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Lost in Translation: Correspondent Annia Ciezadlo met all kinds of poets for today's story about Iraqi poetry (page 1), and learned a lot about the subject.

"One poet told me, with a flourish, that he wrote erratic poetry. He seemed very proud of this, raising his eyebrows and then leaning back and folding his arms, pausing for a moment for me to be suitably impressed.

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"I was confused. 'Erratic poetry?' I said, to be sure I'd heard him right.

" 'Yes, erratic,' he said nodding and flaring his eyebrows again, somewhat triumphantly.

Annia says the guy was really into French literary theory, always talking about deconstruction or textual interpretation, so she figured it must be some fancy kind of theoretical poetry - about the inherently flawed nature of language and human communication, no doubt.

"Is that French?" she asked cautiously, not wanting to be exposed as an academic ignoramus.

"Well, not really," he said impatiently. "Of course they do write erratic poetry. But mine is better."

"You know," he said with pride, "not many Iraqi poets can write erratic poetry. I am one of the few. And I am the best."

"You've probably already figured it out," says Annia, "but it wasn't until several minutes later that it dawned on me: erratic poetry was simply his erratic way of pronouncing erotic poetry, which to most Iraqi poets simply means love poems."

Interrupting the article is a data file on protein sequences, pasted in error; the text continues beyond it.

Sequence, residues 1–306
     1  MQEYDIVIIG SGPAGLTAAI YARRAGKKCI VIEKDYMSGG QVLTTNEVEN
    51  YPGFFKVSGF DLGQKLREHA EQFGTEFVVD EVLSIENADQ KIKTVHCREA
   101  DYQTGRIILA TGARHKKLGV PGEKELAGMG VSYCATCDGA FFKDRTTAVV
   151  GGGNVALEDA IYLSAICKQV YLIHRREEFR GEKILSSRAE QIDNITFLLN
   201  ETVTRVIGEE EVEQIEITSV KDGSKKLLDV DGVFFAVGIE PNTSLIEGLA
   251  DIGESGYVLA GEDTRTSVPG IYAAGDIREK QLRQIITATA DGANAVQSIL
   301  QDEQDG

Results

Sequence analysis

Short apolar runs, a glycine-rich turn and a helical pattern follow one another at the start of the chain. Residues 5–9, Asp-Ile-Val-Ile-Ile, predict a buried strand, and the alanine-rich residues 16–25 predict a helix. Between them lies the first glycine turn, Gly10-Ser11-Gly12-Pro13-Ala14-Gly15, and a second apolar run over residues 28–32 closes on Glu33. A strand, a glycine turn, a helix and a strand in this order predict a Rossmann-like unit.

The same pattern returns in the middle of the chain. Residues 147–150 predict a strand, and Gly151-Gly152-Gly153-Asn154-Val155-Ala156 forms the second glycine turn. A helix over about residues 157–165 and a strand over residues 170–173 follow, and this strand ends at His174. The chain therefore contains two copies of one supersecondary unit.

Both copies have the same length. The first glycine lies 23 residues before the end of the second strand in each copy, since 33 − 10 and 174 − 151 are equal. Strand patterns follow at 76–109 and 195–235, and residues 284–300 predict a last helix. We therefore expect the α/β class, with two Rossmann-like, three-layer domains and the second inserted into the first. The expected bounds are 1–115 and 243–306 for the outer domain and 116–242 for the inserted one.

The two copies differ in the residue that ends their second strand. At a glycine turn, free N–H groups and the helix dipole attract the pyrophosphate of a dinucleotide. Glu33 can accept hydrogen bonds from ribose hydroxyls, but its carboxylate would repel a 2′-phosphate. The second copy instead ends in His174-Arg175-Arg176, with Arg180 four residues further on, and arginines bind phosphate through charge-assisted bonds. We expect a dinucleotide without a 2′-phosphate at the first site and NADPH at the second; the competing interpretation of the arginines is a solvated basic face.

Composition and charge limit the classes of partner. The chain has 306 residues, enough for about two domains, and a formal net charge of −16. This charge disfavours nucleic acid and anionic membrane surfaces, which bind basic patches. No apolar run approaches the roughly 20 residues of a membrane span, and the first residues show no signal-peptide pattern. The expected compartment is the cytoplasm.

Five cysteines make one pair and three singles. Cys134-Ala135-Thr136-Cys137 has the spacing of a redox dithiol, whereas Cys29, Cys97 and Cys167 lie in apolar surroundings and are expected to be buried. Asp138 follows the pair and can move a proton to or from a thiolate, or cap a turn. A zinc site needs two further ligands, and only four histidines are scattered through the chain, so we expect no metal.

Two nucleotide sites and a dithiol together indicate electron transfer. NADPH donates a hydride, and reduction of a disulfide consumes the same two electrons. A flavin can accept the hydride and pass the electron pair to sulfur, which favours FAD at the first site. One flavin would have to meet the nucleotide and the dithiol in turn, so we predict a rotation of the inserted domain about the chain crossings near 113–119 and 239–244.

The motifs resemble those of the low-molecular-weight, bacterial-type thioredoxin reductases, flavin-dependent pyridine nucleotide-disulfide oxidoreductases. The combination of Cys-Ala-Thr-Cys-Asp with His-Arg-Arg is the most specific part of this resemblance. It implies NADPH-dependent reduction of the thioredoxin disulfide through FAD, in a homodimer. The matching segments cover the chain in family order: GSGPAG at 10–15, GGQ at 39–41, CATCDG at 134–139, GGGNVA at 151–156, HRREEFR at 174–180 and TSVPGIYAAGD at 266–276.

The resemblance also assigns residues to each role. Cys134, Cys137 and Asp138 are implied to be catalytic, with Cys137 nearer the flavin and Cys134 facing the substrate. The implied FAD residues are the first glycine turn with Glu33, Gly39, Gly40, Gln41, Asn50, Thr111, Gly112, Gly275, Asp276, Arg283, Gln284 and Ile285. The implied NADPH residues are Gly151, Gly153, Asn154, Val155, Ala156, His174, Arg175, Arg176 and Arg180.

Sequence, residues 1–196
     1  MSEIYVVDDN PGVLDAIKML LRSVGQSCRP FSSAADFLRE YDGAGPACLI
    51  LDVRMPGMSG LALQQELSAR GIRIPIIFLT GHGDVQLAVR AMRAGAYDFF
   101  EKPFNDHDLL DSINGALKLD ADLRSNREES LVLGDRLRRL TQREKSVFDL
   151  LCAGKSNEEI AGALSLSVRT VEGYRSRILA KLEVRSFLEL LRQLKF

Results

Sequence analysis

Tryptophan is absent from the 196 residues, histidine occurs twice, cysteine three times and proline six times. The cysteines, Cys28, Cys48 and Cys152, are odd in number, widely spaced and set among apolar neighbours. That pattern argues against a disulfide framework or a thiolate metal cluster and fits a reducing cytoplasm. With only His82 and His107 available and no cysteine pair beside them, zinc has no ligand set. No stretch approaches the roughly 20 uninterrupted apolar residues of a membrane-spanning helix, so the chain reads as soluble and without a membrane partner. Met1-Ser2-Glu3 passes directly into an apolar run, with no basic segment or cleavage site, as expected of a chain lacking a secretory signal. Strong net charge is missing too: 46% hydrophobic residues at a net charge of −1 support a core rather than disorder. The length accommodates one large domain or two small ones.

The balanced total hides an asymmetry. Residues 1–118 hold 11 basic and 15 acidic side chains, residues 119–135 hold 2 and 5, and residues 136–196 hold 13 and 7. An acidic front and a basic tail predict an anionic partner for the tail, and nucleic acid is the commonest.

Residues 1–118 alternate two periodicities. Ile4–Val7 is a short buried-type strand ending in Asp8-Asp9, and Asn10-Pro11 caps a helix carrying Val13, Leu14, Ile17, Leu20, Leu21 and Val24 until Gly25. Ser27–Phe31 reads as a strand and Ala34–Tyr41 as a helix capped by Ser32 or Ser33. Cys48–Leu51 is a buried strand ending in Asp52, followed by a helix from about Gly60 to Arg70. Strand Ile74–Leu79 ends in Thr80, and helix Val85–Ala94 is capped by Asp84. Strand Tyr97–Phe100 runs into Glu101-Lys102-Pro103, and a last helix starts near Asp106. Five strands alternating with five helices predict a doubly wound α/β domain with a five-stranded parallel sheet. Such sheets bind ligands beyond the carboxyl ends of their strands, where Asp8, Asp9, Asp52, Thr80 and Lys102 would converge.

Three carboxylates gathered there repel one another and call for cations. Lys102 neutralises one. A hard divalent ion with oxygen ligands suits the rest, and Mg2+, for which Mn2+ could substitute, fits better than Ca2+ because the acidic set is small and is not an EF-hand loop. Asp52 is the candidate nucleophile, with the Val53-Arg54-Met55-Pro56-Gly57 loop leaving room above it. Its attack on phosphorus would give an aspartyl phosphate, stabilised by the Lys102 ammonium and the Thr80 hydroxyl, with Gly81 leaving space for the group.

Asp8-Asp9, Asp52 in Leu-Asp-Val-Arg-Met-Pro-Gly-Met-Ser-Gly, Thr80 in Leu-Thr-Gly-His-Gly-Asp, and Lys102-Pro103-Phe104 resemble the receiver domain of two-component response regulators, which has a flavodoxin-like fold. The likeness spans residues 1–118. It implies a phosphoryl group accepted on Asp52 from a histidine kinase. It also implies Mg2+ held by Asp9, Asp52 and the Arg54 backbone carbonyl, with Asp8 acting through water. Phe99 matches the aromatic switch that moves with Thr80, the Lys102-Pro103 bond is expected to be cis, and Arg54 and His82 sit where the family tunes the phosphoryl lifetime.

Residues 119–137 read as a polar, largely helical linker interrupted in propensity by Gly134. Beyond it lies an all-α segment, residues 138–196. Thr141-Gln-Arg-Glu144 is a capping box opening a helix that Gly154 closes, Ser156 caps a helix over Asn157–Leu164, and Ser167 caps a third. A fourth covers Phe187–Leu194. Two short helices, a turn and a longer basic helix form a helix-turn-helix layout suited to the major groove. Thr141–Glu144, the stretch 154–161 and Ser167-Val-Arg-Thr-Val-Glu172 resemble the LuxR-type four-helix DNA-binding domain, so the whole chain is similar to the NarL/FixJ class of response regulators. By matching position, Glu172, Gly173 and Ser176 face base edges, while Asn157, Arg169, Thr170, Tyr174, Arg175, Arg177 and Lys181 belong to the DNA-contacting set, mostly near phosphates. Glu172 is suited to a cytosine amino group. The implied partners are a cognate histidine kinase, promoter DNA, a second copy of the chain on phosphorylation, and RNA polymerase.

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Reporting Break: Staff writer Scott Peterson was trying to illustrate the new shift in Russia's AIDS epidemic to a more mainstream population (page 7). It wasn't looking promising. Scott was warned again and again that Russians won't talk about their status with HIV. "I was about to wrap it up when a nurse introduced me to Irina - a mother-to-be diagnosed as HIV-positive," says Scott. "She wanted to be forthright about her case ... as long as I didn't reveal her full name and alert her parents."

David Clark Scott
World editor


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